The good news is that both the US and Japan may have more economic activity than is being recorded. Cash business, off the books.

    Or, U.S. cash is being used to open bank accounts in the Cayman Islands. Opening an account in the Caymans, and then transferring money digitally triggers reporting. So how did $32 trillion end up in offshore accounts?

    The bad news is that underground economies will grow rapidly in low-inflation environments, and not bear fair share of taxes.

  9. Gravatar of beamish beamish
    17. August 2017 at 07:39

    It seems as if the Fed doesn’t do all that it can so that it can leave some room in the future if it needs it.

    What do you think of giving the Fed the power to buy bonds directly from the Treasury (alongside your favorite targeting regime)? It would take a long time to run out of debt. There’s plenty of monetary room in the national debt.

  10. Gravatar of ssumner ssumner
    17. August 2017 at 07:50

    Harding, Moronic.

    Beamish, Not doing all you can actually leads to less ammunition for future actions, not more.

    I see no need for the Fed to buy bonds directly from the Treasury

  11. Gravatar of beamish beamish
    17. August 2017 at 08:58

    What about just granting the authority to the Fed to buy bonds from the Treasury? Even if the actual buying weren’t necessary, it would be a sign of commitment to do whatever it takes. And if the Fed had that power, it wouldn’t have to implicitly insure the shadow banking system. When the next crash comes it could just walk away and start writing checks to the government.

  12. Gravatar of Cloud Yip Cloud Yip
    18. August 2017 at 10:01

    Sorry for being off-topic. I have just published an interview with Jeremy Stein and I can’t wait to share it with you. It is about his proposal to keep Fed’s Balance Sheet sizeable for financial stability reason. But this is a very interesting bit:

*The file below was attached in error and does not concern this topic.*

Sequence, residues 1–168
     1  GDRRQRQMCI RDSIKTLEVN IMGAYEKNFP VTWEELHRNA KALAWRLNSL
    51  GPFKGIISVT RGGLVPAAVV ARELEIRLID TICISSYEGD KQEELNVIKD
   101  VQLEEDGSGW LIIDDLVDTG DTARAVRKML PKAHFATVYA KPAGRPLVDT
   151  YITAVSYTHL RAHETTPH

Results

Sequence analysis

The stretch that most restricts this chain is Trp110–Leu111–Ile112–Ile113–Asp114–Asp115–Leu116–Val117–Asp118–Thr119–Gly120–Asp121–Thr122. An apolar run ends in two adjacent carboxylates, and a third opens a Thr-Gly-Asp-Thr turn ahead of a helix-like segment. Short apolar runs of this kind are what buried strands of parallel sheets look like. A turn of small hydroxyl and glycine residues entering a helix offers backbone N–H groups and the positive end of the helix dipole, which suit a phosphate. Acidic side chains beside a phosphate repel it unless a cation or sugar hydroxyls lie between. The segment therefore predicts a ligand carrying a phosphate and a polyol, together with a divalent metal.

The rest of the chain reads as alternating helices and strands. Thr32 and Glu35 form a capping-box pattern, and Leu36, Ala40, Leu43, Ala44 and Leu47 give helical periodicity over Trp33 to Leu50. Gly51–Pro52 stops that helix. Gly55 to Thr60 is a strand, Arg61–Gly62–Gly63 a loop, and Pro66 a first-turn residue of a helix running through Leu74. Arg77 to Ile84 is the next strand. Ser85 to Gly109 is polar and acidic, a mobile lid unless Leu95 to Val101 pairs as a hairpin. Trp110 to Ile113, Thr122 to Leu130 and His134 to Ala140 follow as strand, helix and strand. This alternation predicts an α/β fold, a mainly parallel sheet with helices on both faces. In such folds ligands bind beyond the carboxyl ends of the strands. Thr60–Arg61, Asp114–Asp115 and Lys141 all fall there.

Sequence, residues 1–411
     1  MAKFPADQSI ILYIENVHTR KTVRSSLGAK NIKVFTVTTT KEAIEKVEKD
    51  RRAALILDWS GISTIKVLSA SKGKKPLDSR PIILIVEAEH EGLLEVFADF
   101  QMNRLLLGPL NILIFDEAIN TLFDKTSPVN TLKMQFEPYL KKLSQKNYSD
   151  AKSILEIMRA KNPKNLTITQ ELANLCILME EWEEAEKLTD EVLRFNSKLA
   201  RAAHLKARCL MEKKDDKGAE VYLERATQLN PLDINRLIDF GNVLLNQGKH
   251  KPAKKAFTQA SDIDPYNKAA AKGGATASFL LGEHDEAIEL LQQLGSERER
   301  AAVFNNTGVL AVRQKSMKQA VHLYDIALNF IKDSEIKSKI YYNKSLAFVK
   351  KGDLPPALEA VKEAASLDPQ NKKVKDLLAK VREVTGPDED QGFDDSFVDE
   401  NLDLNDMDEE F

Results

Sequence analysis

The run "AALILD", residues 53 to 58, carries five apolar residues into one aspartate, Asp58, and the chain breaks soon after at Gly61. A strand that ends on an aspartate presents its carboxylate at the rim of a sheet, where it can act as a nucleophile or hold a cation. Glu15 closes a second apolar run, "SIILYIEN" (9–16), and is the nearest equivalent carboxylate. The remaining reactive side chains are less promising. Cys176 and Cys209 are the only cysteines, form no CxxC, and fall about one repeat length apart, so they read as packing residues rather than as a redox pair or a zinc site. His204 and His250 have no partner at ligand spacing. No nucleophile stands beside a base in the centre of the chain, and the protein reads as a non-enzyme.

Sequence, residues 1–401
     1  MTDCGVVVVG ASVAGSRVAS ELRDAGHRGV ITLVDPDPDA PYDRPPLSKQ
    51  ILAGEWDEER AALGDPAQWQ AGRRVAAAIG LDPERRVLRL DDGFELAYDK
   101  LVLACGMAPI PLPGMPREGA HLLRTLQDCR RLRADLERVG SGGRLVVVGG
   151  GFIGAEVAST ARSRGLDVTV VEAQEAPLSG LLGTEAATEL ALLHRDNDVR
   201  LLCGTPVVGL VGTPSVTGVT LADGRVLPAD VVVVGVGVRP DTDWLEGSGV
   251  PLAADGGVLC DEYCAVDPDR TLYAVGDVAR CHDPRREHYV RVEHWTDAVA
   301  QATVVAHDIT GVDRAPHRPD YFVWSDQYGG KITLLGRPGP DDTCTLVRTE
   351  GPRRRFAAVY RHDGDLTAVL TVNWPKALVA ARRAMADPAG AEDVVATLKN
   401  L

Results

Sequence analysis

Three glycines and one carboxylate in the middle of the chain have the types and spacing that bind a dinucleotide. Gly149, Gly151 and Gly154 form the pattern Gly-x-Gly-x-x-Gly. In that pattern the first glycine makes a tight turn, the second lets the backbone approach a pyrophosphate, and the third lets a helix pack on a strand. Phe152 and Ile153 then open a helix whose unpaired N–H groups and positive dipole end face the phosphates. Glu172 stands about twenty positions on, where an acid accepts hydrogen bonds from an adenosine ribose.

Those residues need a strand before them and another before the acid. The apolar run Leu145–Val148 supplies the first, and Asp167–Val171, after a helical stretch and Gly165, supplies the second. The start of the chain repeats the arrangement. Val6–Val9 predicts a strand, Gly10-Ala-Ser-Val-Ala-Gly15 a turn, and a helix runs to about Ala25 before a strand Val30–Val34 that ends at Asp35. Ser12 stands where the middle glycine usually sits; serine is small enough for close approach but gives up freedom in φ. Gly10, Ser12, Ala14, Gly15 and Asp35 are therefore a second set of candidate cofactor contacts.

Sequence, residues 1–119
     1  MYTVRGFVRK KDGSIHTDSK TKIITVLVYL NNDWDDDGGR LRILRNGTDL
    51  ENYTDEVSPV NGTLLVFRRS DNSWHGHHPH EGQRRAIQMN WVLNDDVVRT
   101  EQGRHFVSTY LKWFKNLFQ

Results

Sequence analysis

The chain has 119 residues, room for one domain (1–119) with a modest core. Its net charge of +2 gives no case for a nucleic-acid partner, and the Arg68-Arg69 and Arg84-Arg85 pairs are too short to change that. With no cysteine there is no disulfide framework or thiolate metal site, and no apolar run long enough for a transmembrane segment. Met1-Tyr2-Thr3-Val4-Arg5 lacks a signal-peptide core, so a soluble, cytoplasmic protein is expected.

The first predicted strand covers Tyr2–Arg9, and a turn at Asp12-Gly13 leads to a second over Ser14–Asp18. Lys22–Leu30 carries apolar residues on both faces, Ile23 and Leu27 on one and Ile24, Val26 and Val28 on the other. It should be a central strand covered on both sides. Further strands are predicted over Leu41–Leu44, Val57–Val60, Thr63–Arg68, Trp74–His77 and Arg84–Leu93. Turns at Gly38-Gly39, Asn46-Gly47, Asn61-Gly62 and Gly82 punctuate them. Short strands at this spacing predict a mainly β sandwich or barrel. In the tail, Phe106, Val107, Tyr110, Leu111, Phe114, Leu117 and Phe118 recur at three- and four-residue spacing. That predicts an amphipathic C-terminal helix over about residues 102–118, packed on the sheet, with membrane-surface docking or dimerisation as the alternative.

“S: Absolutely. I don’t think you need to target a certain quantity size of the Fed’s balance sheet.

    In an ideal world, the Fed and the Treasury together would be looking at various market indicators and trying to get a sense if there is a scarcity of safe assets. For example, one indicator that we pointed to is the slope of the very front-end of the yield curve. If there is a very big difference between the rate of one-week T-bills and six-month T-bill, that is telling you there is a shortage of the very short maturity securities.

    In some sense, what you are doing is you would like to target that spread and make sure it is not getting too big. That doesn’t necessarily correspondent to a fixed size of the balance sheet, but it might correspond either to the Fed’s willingness to expand the balance sheet when needed, or the Treasury’s willingness to pay attention to the spread and issue more T-bills.”

  13. Gravatar of Cloud Yip Cloud Yip
    18. August 2017 at 10:01

    Sorry…. The link is here…


  14. Gravatar of ssumner ssumner
    19. August 2017 at 09:15

    beamish, I don’t see the point of that–what difference does it make who they buy the bonds from?

    Cloud, i don’t have strong views on that. It seems like a minor issue to me (and I’m not a bond market expert.)

  15. Gravatar of beamish beamish
    19. August 2017 at 11:40

    I guess I was thinking that buying bonds from the Treasury would encourage economic activity by reducing the debt and reducing future taxes. Buying from banks isn’t working well anymore because interest rates are so low. I’m probably confused, though.